Professor Yukihiro Ozaki has developed molecular spectroscopy markedly by his comprehensive and pioneering investigations in molecular spectroscopy (vibrational spectroscopy and electronic spectroscopy) in condensed phase through the exploration of novel methods and basic principles, the development of instruments, and the applications to a wide research area in chemistry. He has made extensive achievements in the wide range covering infrared (IR), Raman, near-infrared (NIR) and far-ultraviolet (FUV) spectroscopy. Among his pioneering achievements, the following three are chosen here and their scientific significance is described.
1. Investigation of mechanism of surface-enhanced Raman scattering (SERS) and tip-enhanced Raman scattering (TERS) and their applications to physical chemistry, analytical chemistry, and nanomaterials chemistry
Prof. Ozaki focused on electromagnetic enhancement mechanism as general mechanism of SERS and carried out its research. Before he started his research on this topic SERS mechanism had been investigated by using an ensemble nanoparticles system. In such system, the cause of the enhancement (plasmon resonance) is averaged, and thus, it was difficult to explore directly the relation between the cause and the results (SERS). Prof. Ozaki solved this problem by use of a single nanoparticle system. He designed a novel experimental system that enabled him to carry out electron microscope measurement, plasmon resonance measurement, and SERS measurement for the same single nano particle dimer. Using the experimental results obtained by these experimental setups as the calculation conditions for electromagnetic analysis, he reproduced SERS cross section. By comparing the experimental SERS spectra with the calculated SERS spectra, he succeeded in quantitative verification of electromagnetic enhancement effect. By this study he contributed markedly to the advances in SER spectroscopy. He also contributed to studies on chemical mechanism of SERS and semiconductor-enhanced Raman scattering.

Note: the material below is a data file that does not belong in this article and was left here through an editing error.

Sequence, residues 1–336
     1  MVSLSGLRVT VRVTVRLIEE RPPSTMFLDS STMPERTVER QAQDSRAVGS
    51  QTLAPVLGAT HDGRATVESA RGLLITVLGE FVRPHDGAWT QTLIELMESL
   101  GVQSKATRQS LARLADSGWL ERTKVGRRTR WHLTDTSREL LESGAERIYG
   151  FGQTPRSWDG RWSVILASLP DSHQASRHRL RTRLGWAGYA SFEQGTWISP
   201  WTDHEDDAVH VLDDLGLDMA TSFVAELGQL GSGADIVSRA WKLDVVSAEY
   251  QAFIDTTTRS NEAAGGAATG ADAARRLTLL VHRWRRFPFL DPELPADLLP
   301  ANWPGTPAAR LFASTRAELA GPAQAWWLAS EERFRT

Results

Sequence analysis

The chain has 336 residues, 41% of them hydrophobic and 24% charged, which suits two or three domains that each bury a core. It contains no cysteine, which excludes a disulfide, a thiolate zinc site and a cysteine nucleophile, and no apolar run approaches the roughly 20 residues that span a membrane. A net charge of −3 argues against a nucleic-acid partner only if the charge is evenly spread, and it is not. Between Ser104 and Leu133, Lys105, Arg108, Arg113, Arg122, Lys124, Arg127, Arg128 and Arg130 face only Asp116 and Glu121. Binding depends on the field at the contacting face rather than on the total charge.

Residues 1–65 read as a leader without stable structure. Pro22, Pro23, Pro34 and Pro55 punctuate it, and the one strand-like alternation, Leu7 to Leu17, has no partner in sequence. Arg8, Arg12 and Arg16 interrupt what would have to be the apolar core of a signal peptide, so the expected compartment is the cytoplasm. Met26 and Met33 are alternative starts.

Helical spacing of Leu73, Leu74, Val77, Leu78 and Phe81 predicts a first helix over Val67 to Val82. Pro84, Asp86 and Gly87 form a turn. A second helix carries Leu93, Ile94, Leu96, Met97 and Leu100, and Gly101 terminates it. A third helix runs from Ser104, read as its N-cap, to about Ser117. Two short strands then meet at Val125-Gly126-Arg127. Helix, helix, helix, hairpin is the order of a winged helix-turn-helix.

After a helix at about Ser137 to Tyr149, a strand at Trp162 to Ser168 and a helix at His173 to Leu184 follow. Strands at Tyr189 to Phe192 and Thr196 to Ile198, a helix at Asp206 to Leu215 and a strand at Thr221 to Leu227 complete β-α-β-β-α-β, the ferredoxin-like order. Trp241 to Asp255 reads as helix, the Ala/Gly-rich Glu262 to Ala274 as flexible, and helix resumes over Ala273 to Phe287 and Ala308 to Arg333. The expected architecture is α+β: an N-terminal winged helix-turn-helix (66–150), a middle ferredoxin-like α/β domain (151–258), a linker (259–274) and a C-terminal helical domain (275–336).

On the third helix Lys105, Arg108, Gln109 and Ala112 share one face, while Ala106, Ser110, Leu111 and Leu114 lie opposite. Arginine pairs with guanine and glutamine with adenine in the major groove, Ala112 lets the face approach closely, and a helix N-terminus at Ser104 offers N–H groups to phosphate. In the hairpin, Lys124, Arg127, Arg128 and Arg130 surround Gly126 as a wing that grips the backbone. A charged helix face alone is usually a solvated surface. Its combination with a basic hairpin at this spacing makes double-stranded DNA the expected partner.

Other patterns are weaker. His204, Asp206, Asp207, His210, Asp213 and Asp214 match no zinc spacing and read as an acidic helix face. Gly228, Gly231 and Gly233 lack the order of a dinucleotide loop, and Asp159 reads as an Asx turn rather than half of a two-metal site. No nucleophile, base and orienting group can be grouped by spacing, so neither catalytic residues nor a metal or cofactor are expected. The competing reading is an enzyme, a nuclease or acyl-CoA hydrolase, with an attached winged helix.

As for the application of SERS, his studies of charge-transfer-induced enantiomer selective discrimination of chiral molecules by SERS and three dimensional SERS imaging studies are particularly noted. Prof. Ozaki also carried out unique studies of TERS. For example, he reported nanoscale quantitative measurement of pH profile at a solid-liquid interface by TERS and studies on local nanostructure of graphenes.
2. Development of attenuated total reflection (ATR)-FUV spectroscopy - Pioneering in novelσ chemistry.
In the FUV region a number of electronic transitions are observed, however, the analysis of absorption spectra in the FUV region of condensed phase was an unexplored area of molecular spectroscopy. Prof. Ozaki developed a novel FUV spectrometer (145-300 nm) based on an ATR technique, making possible the easy measurement of FUV spectra of molecules in condensed phase. Since in the FUV region one can expect transitions due to π electrons, lone pair electrons, and σ electrons, the ATR-FUV method has allowed to investigate electronic states of almost all kinds of molecules in condensed phase. Prof. Ozaki established an assignment method of FUV spectra based on comparison of an observed FUV spectrum in condensed phase and the corresponding spectrum in gas phase and electronic transitions calculated by quantum chemical calculations. For example, in the study of electronically excited states of alkanes he assigned a band near 153 nm to a transition from HOMO-2 or HOMO-1 to 3p Rydberg. Since alkanes are formed only by single bonds and do not have lone pair electrons, this transition reflects the state of σ electrons of alkanes.